Tuesday, April 14, 2009

Solomohn Nallshi Ennis, Interview #80

Name: Solomohn Nallshi Ennis

Where you live: Chicago, Illinois

What you do as a vocation or avocation? I am a writer, editor, and publisher.

Your two favorite books: Faith and The Good Thing by Charles Johnson (The smartest, purest, most creative work I have ever read).
How to Read Literature Like A Professor by Thomas Foster (Foster, and my professors Michael R. Molino and Kevin K. Collins ignited then waved the flames of my fiery passion for literature).

Your two favorite songs:"Lord You Have My Heart" by Delirious? (I know it is fairly new but it is one of my favorites).
"Here In The Real World" by Alan Jackson

Why you are interested in spirituality? Because I love HIM. Lord, how I love Thee. I am interested in spirituality because it is where I met God. It is the place of our connection. It is where my soul receives the Gospel and is nourished by the Bible.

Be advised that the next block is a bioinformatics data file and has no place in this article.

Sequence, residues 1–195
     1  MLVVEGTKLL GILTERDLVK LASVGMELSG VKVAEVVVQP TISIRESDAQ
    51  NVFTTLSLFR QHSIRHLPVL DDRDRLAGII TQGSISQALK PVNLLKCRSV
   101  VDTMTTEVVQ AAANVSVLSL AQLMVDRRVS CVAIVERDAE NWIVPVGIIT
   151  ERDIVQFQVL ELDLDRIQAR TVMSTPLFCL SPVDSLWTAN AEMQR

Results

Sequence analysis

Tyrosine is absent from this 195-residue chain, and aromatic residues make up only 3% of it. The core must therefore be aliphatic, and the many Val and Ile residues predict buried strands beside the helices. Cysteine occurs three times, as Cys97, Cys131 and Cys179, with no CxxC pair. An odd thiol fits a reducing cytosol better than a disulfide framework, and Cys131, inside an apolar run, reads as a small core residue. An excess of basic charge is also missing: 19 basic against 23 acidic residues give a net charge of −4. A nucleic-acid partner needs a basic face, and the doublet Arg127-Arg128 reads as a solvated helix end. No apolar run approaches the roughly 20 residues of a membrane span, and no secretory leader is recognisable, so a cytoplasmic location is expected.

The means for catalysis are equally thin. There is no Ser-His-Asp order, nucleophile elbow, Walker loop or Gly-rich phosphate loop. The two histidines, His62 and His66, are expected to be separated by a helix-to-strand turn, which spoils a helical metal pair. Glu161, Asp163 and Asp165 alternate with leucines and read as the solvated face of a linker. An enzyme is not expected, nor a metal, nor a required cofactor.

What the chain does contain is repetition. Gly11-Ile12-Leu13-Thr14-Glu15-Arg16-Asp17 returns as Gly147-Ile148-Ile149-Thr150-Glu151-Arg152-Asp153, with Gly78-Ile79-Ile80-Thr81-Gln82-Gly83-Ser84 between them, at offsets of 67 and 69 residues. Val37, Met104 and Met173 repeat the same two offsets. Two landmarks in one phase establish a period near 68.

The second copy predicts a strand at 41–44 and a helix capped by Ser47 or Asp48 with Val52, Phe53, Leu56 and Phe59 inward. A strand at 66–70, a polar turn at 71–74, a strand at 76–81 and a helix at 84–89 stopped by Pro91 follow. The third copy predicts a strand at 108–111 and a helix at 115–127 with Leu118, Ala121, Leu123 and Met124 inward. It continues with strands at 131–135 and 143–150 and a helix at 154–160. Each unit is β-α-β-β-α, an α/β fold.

Your favorite quote: "If you live this life and do not gain compassion for your brothers and sisters—you have lost something."–Minister Louis Farrakhan

Your favorite web sites:Oneplace.com,
puresexradio.com (Biblical sexual purity)

Your hero?
I have so many, but each precious one can has this characteristic: They are witnesses for the Lord.

A spiritual lesson you hope to learn? This is such a difficult question. What I want to learn requires pain, and I do not care for pain. However, because His yoke is easy and His burden is light, and His grace is sufficient—I have asked the Father for: wisdom, patience, discernment, Revelation knowledge, and a heart and life that is committed to the cause of Christ.

A place in the world where you feel spiritually "connected?" I believe this place is in Alabama. My mother, Barbara Ennis, and my father, Solomon Heard, were born there. I always feel a cleansing, refreshing connectedness there. God has spoken to me through my parents more times and in more ways than I will ever be able to count, and when I walk the dirt roads of my parent’s old towns, I feel a completeness and a closeness that defies comprehension.

No comments: